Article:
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In This Moment

what if it matters?

Month

April 2016

Coffee

I feel so much better.  Sitting down with my kids at Namaste Indian cuisine listening to the soundtrack of the latest Ballywood release, finishing a small cup of Peets coffee.  Finished.  The beat goes on.  My kids eat and read and burp.  Now my son reads over my shoulder, trying to delete what I’ve written, and, upon being told to keep his hands to himself, concludes that an alien has taken over his father’s body.  Now I feel out of breath from arguing with him…

There’s a movie I want to be really good, London Has Fallen. They probably advertise it on the sides of buses, I’m guessing, because fans rate it almost a perfect five stars while the critics Fandango surveys give it 28 out of 100.  Experience indicates that means it’s a bad movie.  Saw it.  Was what it promised.  Wisdom from main character to bodyguard: “I never criticize my children,  just teach them to treat others as they would want to be treated.”  There you go.  As long as you can twist that into killing lots of people who get in your way you have a morally intact action movie…”Thank you so much for shooting me, that was just what I deserved.  Glad to be of service: I would appreciate the same in return if I were an enraged terrorist…”  Take note, if you read the Magicians series (is this a spoiler, or just a general characterization of the weird vegetarian god?) of Umber wiggling his goaty body eagerly in anticipation of being killed…  So it does happen, at least once in the history of literature (does Socrates count as an example also?).  All right who knows maybe there are legions of heroes asking to be killed (Martin Eden, The Awakening, both about heroes who come to themselves and then drown themselves on purpose…).  Wait, my point was meant to be that those terrorists in London Has Fallen surely didn’t want to be killed, but the tidal pull of our morality is strong, the deadly and apparently deranged Other, so scary that it’s easy to be drawn under.  Yet wait again, they were revenge seekers, and that is classically an end in itself whether the seeker of revenge lives or dies the cycle continues until it burns itself out.  Maybe the US President quoted in the movie actually would want the same treatment if the roles were reversed (If I’m nothing more than a tool for revenge then put me out of my misery)  Wait, he actually did make his Bodyguard promise to do exactly that.  When we’re willing to give up our lives things become so filled with potential.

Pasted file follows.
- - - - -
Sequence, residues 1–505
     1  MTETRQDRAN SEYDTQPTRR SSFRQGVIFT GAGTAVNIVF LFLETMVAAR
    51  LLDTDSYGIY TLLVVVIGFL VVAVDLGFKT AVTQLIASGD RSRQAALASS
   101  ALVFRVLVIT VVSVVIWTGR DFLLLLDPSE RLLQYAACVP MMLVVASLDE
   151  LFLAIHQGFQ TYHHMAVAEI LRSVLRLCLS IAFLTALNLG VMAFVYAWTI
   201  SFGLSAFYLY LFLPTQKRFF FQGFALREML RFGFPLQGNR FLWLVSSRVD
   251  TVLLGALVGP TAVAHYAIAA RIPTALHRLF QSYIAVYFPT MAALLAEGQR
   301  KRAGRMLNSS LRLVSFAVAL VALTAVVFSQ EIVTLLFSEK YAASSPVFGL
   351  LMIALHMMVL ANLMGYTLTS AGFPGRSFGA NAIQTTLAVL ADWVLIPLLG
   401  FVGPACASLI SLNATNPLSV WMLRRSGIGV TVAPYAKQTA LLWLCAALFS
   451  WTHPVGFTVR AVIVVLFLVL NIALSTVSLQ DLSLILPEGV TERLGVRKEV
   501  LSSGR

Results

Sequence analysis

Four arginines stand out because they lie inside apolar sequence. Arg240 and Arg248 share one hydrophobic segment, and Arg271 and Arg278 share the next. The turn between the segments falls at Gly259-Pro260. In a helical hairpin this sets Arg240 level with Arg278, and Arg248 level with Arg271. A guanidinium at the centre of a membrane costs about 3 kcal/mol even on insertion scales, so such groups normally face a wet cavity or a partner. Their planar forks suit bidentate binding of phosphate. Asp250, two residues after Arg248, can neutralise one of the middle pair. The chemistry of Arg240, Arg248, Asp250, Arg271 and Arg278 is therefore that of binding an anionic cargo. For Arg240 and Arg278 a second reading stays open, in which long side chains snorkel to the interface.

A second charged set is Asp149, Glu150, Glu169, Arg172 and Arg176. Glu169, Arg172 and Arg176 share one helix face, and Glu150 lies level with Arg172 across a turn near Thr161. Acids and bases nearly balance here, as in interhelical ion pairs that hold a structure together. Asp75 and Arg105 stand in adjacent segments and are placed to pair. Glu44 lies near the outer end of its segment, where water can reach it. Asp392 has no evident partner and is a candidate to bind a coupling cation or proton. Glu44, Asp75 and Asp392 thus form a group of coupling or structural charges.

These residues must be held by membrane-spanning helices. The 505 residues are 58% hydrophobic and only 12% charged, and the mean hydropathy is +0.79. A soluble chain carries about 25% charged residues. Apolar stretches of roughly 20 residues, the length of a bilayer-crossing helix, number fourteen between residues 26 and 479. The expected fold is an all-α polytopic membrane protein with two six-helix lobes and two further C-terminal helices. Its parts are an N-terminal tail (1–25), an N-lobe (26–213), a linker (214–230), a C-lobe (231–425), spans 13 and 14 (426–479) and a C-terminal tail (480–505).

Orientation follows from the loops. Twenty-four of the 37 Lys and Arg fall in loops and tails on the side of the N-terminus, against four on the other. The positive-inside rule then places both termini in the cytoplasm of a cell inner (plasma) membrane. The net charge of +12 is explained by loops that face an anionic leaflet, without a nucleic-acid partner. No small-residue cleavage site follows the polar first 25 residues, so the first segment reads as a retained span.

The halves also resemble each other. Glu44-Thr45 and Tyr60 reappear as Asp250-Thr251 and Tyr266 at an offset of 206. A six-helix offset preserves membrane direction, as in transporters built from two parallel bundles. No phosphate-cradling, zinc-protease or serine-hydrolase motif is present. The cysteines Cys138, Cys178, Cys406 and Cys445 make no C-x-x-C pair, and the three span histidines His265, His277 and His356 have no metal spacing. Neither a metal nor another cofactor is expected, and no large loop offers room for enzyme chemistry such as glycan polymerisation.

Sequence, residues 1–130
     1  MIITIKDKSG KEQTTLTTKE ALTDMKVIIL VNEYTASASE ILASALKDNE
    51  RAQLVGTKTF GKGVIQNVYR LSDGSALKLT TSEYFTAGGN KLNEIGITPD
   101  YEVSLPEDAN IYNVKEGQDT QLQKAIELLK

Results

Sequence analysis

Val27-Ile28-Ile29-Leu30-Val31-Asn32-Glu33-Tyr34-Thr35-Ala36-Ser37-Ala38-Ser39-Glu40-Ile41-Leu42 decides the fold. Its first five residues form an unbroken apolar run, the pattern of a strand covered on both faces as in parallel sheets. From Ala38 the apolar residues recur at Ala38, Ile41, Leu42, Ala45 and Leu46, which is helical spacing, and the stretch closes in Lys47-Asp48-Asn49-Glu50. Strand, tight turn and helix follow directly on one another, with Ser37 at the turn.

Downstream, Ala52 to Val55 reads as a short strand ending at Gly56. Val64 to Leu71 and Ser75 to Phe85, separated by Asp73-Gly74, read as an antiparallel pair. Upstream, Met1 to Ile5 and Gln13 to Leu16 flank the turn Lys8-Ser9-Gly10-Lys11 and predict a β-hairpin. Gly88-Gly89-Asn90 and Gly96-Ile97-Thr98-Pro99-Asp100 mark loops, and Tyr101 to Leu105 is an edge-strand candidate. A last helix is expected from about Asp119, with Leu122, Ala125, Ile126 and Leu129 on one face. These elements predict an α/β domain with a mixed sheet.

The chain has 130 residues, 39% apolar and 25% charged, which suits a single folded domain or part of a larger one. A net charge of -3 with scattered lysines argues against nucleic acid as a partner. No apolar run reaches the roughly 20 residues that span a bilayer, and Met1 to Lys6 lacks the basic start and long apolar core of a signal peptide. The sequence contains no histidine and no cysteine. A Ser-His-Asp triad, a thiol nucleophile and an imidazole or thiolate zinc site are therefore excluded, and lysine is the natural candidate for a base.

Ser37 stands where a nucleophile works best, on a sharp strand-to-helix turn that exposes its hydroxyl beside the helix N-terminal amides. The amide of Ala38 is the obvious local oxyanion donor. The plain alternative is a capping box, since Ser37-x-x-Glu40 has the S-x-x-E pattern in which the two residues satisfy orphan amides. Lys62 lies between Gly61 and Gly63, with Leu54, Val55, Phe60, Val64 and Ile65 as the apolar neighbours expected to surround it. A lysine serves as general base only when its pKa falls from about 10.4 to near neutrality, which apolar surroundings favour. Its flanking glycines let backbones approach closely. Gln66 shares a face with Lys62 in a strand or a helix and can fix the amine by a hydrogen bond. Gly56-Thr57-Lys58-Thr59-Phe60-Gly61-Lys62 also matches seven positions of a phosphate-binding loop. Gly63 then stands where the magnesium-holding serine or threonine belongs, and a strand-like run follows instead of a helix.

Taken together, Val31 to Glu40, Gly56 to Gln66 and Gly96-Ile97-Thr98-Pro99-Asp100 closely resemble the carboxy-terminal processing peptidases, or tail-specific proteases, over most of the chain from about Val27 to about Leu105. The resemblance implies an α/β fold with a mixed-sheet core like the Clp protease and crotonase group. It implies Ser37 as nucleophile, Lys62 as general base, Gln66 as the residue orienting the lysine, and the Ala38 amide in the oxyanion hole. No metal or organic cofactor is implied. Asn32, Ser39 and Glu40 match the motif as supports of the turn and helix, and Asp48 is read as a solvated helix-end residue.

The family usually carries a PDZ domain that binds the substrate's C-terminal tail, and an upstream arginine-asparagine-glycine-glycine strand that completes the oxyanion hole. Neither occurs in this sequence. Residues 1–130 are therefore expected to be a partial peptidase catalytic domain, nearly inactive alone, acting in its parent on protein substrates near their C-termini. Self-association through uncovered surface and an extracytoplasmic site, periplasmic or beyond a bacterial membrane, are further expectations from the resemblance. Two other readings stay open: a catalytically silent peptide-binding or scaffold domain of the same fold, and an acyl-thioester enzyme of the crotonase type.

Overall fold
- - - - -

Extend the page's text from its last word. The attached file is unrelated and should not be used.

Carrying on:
And now?  The coffee has worn off.  A couple of weeks later it’s late afternoon.  I kind of had a nap and I’m here again in this quiet room I set up for writing.  One problem with this setup is since I always write about whatever is in the moment, that’s going to pretty much be me sitting in this room, right?  But isn’t a monk supposed to sit in a cell, a meditator sit with closed eyes, mystic use whatever is present even when not a lot goes on?  That’s right.  And this monk just at a cold linguica sausage.  It seemed like a good idea at the time.  Now I feel like I can’t get enough water and air and standing and stretching to get all that orange grease to…do whatever it’s supposed to do.  Late afternoon, no coffee, orange grease…a miracle I’m still writing.